Office of Research & Development
Office of Research & Development
Michael E. DeBakey VA Medical Center
May 29, 2018
Dr. Jeffrey Jones is chief of urology at the Michael E. DeBakey VA Medical Center and a professor at Baylor College of Medicine.
Dr. Jeffrey Jones, a Navy Veteran, is chief of urology at the Michael E. DeBakey VA Medical Center in Houston. He’s also a professor at Baylor College of Medicine, with a joint appointment in the department of urology and the Center for Space Medicine. His clinical interests are urologic oncology, which relates to cancer of the prostate, bladder, kidney, and testicles; calculus disease, which is a stone in the kidney or urinary tract; and urological applications for space and flight medicine. He was a lead flight surgeon for the International Space Station for the first 10 U.S. expeditions, until taking over as the lead for exploration and medical operations in NASA’s Constellation program. He has been a lead or co-researcher on many clinical cancer trials and is a fellow at the American College of Surgeons, the American College of Preventive Medicine, and the Aerospace Medical Association.
What motivated you to join the military?
I wanted to serve my country the same way my father and all of my uncles had done.
What inspired your research career?
I’ve been involved in research since college when I worked in the Thorman Cancer Research Laboratory at Trinity University in San Antonio. I have always wanted to “push the envelope” with patient care to improve the lives of our patients, especially those afflicted with the devastation of cancer.
Did you have mentors who inspired you in life, the military, or your research career?
Yes. Dr. John Donohue, God rest his soul, was my surgical mentor at Indiana University. He was also a man of faith. He received his initial education at Holy Cross College in Indiana.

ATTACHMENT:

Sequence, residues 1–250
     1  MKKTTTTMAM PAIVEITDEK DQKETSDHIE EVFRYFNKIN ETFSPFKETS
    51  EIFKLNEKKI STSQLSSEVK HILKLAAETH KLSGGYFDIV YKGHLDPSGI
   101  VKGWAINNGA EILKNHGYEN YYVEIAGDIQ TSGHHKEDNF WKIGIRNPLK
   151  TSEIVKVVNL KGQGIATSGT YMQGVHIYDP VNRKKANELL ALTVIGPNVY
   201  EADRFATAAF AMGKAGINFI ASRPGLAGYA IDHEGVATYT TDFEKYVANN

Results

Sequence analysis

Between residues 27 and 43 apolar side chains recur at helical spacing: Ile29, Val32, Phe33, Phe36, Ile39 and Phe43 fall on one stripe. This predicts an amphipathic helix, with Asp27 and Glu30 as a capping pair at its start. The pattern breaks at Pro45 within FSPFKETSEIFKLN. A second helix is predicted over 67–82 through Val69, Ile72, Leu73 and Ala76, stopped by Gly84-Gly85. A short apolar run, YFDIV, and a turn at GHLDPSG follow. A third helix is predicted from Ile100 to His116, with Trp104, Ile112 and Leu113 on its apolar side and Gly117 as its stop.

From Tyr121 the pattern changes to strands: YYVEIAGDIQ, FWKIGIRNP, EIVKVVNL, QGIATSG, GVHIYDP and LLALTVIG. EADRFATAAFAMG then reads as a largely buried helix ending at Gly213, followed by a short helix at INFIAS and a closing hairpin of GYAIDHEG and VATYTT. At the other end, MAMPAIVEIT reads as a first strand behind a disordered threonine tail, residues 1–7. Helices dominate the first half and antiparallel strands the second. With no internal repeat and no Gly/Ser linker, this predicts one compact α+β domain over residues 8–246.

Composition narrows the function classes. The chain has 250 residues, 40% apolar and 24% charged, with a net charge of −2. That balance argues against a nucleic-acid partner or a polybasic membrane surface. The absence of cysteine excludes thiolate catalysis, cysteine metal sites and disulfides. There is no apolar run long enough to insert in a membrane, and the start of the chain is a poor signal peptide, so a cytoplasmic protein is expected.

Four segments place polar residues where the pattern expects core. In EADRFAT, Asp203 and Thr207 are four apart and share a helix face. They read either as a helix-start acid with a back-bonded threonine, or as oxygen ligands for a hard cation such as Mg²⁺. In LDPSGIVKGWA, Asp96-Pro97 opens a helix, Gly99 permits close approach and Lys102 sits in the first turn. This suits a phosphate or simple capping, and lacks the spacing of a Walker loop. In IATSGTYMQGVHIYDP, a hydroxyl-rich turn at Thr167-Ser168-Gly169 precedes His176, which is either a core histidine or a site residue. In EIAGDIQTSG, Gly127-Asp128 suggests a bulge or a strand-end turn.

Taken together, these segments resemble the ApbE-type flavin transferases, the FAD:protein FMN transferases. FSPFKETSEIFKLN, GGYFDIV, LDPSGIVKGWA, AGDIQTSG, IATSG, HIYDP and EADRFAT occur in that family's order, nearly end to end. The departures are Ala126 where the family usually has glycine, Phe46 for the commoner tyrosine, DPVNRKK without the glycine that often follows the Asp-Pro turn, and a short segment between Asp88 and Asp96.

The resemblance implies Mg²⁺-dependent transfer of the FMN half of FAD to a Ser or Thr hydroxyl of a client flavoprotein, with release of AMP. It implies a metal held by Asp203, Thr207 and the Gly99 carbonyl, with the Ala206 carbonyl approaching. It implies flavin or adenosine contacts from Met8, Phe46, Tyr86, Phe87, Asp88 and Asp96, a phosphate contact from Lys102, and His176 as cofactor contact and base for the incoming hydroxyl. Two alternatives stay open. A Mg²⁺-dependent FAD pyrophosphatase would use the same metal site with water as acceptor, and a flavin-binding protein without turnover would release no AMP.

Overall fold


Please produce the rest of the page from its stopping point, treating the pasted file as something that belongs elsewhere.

When and where did you serve in the military? Describe your military experience.
I’ve been a U.S. Navy physician and flight surgeon for my entire 29 years of combined active and reserve military duty. I was last on active duty in 2010 as a Navy flight surgeon, and I’m still serving in the Navy Reserve. I’ve also taken on assignments with the Marine Corps Reserve and the Air Force Reserve via the Texas Air National Guard. I’ve deployed several times with the Marines in support of U.S. military operations in Iraq and Afghanistan. My last deployment was to Ayn al-Asad Airbase in Iraq with Marine Air Group 26. I supported squadrons of aircraft stationed there—EA-6B, F/A-18, C-130—and took shifts at the combat surgical hospital. I also served with Naval Reserve Fleet Hosptial 21, before becoming a Navy flight surgeon, and I served with Marine squadrons for 16 years. I’ve supported the Chief of Naval Air Training and served as the wing surgeon for the 4th Marine Aircraft Wing, the reserve airwing of the Marine Corps. Currently, I’m the wing surgeon for the Commander Fleet Logistics Support Wing. Its squadrons provide air logistics support for all Navy commands and training for mobilization readiness.
What kinds of research are you involved in? How does it potentially impact Veterans?
Did your military experience inspire you to pursue a career as a VA researcher? Is your military experience connected in some way to your VA research?
I was involved with cancer research before I joined the military. But my military service has strengthened my resolve to help Veterans.
How do you feel about the possibility of making life better for Veterans through your research?
That is of paramount importance to me. Our mission at the Michael E. DeBakey VA Medical Center is to make life better for our Veterans in any way we can.
Does being a Veteran give you a greater emotional tie to the work you’re doing or more insight into Veterans’ needs?
My prior service motivates me to strive for better treatment and allows me to understand what Veterans have been through. Certainly, since I’m a fellow Veteran, I have credibility with Veterans when we discuss their past experiences and current life stressors.
Based on your life experiences to date, what do you believe are the keys to success? What motivational tips would you share?
Perseverance is the number one factor, and focusing one's energy on goals of higher purpose enables one to persevere. I tell young folks to "do your best, think of others before yourself, and don't let setbacks deter you from your goals."
What’s the next step for you in your VA career?
That’s still to be determined. But I hope to stay involved with the mission of improving the health and welfare of our nation’s Veterans.